In case you think this might be a political ploy to poison and undermine the evil capitalistic West, think again—this is probably greed more than politics (rather ironic, coming from a Communist realm): The poison merchants are selling their lethal products to their own people first—case in point, the babies with kidney ailments, who have so far been found only in China (but, as the NY Times article says, watch out for those Chinese infant formula products in ethnic stores!). It’s not the first time, either—in 2004 13 babies died in China from tainted baby formula, made by the same manufacturers.

 

This could take us into an interesting discussion about the history of the concept of human rights, natural rights, human dignity, and personhood, and the reduction of consumers/citizens to having mere instrumental value. Endangering lives through deception (human or otherwise) or downright condemning them to death for a quick profit is not unheard of, in any culture, but that doesn’t make it any more morally acceptable. In some political traditions this is instantly recognized (although not always practiced), in others it is not. China is apparently taking heed, in the wake of the pet food scandal—the Chinese government is now conducting its own investigation into the tainted baby formula. Could this be a sign of genuine concern for the consumers? A belated, welcome recognition of fundamental human dignity? Or a concern for the image of China in the world? Here we are, with almost everything that we wear, and use in our homes and offices having originated in China, and our economy inextricably interwoven with China. This may look like just another isolated Chinese problem, but the overall international implications are staggering…. I guess I’m looking for some media outrage…the blogos seems to be waking up.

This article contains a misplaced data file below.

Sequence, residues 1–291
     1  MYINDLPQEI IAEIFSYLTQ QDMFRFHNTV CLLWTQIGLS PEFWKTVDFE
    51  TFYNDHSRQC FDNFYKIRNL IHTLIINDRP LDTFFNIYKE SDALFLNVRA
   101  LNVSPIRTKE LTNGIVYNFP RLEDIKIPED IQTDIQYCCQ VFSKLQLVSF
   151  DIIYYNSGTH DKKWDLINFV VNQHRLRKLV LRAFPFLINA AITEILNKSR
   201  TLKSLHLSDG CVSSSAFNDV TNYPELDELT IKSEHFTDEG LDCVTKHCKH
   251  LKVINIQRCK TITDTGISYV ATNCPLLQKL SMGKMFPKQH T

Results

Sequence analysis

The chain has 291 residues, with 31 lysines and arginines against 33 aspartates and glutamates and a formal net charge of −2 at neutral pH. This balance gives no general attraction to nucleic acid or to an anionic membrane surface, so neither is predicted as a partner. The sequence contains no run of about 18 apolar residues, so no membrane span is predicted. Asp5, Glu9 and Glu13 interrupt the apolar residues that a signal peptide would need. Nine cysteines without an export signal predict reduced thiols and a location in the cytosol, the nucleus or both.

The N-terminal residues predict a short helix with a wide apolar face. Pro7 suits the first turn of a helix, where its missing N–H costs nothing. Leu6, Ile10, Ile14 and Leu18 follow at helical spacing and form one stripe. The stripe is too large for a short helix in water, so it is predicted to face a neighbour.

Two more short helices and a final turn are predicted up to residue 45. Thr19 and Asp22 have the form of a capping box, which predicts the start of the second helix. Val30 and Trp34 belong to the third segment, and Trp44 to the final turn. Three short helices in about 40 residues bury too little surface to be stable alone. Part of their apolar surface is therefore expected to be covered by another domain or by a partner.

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Comments»

1. Moriae - September 14, 2008

The first motive really does seem to be greed, but if we think about it a bit more, it is much more likely ignorance. Greed is often the sort-term motive in many acts, but the foundation for such choices are really the lasting effects of ignorance. It may be profitible to endanger the lives of others because cheaper ingredients would increase profit margins, but the long term chances of following such a policy are myopic at best, and have positively life-shortening properties for any such miscreant in China. China suffers fools badly, and judicial solutions aren’t their first remedial inclinations.